Adrenal Fatigue For Dummies
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Your body is a wonderful chemical factory, with endocrine glands making hormones that tell the body what to do. The adrenal glands are essential for other organs in the body to work well. And nothing in the body occurs in isolation.

When healthcare practitioners think about adrenal gland function in the setting of adrenal fatigue, they aren't just thinking about the adrenal glands. They're often thinking about how the adrenal glands work in conjunction with two other organs, namely the hypothalamus and pituitary gland. The interaction of the hormones produced by these three organs is often referred to as the HPA axis.

Here's the rundown on the hypothalamus, pituitary gland, and a couple of other organs that act on, interact with, or are affected by the adrenal glands:

  • Hypothalamus: The hypothalamus is the starter. Located in the brain, it's responsible for producing many hormones that stimulate the release of other hormones in the body. The hypothalamus produces corticotropin-releasing hormone (CRH), which then stimulates the pituitary gland to produce adrenocorticotropic hormone (ACTH); this stimulates the adrenal gland to make cortisol. The adrenal glands can't produce cortisol if the hypothalamus doesn't first produce CRH.

    The hypothalamus is also a great stimulator for the thyroid gland.

  • Pituitary: The pituitary gland, which is about the size of a pea, sits just under the hypothalamus. The pituitary makes ACTH, which in turn stimulates the production of cortisol in the adrenal glands. As a bonus, the pituitary controls growth, breast milk production, sex organ function, thyroid function, and more.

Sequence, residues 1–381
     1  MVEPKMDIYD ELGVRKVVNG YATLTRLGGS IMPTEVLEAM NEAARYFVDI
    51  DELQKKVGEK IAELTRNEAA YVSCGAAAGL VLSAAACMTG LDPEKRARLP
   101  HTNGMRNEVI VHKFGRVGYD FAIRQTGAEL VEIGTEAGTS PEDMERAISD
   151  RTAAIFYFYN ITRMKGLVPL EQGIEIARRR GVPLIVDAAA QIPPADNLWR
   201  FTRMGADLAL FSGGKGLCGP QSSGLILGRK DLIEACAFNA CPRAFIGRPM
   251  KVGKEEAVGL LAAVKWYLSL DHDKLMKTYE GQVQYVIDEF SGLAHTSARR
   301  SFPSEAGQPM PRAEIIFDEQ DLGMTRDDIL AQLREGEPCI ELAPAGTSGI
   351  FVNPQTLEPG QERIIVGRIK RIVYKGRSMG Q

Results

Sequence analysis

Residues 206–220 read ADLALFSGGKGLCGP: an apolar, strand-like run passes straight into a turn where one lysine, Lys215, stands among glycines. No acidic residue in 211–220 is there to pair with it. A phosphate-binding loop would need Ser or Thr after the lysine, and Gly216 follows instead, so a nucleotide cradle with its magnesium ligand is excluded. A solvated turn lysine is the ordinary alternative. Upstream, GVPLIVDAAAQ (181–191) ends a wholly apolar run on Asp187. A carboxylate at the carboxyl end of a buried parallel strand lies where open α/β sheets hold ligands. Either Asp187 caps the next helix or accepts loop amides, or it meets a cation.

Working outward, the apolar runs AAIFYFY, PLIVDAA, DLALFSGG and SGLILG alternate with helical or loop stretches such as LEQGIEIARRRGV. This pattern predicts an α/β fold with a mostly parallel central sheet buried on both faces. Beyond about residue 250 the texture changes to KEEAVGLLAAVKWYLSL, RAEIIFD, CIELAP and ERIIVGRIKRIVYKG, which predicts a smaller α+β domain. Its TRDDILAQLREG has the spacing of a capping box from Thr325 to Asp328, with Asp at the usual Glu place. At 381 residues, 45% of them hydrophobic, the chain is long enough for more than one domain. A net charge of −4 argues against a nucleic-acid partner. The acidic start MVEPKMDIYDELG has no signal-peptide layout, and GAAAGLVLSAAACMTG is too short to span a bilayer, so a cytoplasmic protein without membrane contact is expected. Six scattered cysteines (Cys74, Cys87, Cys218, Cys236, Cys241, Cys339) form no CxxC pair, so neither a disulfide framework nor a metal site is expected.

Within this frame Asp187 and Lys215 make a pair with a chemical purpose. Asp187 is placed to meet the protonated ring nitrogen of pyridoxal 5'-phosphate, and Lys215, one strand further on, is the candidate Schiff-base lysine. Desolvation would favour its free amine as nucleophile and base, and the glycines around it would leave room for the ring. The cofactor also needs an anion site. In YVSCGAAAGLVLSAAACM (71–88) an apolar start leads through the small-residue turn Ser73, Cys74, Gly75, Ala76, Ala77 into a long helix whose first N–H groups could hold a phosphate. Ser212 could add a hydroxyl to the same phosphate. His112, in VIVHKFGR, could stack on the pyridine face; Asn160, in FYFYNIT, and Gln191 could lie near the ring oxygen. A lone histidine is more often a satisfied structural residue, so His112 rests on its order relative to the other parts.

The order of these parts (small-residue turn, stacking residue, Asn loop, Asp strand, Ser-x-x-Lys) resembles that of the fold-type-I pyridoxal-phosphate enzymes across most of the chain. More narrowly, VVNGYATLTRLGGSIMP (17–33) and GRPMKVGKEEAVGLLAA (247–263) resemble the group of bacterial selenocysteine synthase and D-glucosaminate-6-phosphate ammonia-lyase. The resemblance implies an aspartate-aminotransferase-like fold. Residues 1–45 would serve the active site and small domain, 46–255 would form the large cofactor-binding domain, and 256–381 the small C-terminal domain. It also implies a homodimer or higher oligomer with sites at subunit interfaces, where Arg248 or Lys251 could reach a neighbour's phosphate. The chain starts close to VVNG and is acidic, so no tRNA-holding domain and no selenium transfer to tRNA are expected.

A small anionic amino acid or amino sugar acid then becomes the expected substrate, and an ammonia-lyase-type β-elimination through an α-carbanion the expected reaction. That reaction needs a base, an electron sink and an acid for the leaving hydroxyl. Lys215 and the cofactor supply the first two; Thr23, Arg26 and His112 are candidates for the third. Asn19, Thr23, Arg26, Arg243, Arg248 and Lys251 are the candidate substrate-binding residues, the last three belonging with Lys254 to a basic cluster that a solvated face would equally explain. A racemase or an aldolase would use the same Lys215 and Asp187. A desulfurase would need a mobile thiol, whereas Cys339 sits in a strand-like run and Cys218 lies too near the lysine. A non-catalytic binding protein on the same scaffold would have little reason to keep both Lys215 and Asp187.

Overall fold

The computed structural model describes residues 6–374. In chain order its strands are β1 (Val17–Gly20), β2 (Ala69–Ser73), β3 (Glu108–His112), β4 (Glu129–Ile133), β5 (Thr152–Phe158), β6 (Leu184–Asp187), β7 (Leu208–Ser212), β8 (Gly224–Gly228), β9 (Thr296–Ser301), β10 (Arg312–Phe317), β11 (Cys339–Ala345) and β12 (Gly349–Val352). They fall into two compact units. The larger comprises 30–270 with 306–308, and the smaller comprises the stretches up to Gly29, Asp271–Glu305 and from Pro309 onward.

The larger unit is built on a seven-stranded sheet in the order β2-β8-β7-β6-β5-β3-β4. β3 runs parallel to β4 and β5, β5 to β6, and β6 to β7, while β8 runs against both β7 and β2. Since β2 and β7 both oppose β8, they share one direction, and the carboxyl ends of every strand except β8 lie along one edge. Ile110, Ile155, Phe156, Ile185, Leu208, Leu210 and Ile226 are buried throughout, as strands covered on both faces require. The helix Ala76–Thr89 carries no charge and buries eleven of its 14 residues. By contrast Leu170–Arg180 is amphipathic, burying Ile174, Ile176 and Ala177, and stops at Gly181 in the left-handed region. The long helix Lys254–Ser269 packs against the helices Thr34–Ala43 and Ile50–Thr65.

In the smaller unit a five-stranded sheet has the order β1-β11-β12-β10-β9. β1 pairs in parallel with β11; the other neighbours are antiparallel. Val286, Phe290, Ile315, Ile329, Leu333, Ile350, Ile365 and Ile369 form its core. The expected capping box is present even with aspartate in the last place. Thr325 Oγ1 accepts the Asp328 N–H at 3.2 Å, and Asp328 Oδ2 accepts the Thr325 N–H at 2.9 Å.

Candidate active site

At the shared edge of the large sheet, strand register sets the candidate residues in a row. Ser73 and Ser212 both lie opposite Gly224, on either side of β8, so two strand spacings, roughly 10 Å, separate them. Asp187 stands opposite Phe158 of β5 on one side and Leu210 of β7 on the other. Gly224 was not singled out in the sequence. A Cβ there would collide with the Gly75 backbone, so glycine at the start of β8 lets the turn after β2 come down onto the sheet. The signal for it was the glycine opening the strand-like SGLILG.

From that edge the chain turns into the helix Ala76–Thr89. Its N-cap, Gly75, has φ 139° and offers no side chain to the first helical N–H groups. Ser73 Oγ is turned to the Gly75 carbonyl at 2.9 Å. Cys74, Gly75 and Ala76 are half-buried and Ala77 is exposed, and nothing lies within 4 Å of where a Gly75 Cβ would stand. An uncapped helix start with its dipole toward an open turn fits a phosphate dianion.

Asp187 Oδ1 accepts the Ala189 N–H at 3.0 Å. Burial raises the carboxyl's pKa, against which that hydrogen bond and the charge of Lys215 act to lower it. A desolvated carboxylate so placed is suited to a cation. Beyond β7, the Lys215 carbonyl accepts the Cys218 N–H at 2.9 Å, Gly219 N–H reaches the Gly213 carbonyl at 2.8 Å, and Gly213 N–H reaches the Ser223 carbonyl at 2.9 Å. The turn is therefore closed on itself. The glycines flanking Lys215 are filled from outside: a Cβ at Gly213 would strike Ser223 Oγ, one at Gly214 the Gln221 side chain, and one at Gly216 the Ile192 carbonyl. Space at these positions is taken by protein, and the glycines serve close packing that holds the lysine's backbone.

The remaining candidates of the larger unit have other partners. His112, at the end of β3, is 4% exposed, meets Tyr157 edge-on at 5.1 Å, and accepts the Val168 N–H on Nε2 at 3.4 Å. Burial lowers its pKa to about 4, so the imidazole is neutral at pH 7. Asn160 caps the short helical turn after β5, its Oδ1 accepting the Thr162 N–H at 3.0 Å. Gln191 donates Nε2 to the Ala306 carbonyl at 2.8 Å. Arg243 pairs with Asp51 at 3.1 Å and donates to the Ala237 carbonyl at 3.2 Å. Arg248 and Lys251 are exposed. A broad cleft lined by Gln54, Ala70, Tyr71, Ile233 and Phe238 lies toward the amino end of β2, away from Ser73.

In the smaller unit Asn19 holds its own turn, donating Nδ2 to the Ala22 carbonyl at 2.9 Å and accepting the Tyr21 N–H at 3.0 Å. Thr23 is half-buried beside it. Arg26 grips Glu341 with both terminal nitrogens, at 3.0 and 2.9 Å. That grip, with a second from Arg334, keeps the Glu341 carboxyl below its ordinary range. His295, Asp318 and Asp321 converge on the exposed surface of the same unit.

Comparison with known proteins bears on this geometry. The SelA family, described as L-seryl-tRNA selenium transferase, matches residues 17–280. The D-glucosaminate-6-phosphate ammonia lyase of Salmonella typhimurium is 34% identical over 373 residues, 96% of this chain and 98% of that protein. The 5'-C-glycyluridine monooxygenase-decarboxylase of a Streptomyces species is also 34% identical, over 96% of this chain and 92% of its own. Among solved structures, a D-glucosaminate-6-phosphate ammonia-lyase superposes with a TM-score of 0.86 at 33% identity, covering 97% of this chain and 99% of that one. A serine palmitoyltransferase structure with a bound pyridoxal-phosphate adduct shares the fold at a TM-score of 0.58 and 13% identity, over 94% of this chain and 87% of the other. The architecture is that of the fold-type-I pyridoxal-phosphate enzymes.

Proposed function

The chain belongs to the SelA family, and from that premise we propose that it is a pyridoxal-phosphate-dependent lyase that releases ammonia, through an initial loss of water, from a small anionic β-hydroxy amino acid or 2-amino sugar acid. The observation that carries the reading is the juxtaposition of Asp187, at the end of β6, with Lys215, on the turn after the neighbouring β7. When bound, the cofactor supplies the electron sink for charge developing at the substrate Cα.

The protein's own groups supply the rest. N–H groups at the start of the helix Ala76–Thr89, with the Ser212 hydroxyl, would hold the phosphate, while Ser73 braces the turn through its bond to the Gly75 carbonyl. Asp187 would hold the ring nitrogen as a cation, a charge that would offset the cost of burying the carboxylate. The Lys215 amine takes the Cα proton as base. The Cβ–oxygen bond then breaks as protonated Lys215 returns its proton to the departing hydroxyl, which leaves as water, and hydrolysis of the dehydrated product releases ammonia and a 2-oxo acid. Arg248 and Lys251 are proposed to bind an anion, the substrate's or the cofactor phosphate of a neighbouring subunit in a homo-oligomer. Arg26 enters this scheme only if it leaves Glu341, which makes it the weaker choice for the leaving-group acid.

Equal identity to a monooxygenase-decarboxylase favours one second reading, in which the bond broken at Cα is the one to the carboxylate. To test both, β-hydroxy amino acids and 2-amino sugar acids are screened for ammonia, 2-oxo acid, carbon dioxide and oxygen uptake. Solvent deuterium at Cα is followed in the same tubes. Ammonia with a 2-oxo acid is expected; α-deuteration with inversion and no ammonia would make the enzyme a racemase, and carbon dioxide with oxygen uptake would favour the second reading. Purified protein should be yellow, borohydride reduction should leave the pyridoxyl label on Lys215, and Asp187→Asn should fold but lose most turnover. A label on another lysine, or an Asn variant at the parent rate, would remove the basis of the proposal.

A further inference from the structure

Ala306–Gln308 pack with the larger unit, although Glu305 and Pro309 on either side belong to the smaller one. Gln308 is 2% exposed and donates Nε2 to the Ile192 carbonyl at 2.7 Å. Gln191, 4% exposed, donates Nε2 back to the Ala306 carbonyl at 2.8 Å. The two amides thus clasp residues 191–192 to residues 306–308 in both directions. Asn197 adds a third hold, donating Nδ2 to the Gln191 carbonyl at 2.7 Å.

• Thyroid: The major function of the thyroid, which is in your neck, is controlling the body's metabolism. It works in concert with the adrenals. There's a tremendous overlap between adrenal fatigue and thyroid dysfunction.

  • Kidneys: The adrenal glands work with the kidneys to help control blood pressure, keep electrolytes in balance, and keep the body in a normal acid-base balance. The kidneys act as the filter of the body; their job consists of excreting all the body's toxins that build up on a daily basis. In addition, they're important in preventing anemia and in keeping bones healthy and strong.

About This Article

This article is from the book:

About the book authors:

Dr. Richard Snyder, DO, is board certified in both internal medicine and nephrology, as well as a clinical professor at the Philadelphia College of Osteopathic Medicine.

Wendy Jo Peterson, MS, RD, is a registered dietitian with a master’s degree in nutritional sciences as well as a specialist in sports dietetics. She is the coauthor of Mediterranean Diet Cookbook For Dummies.

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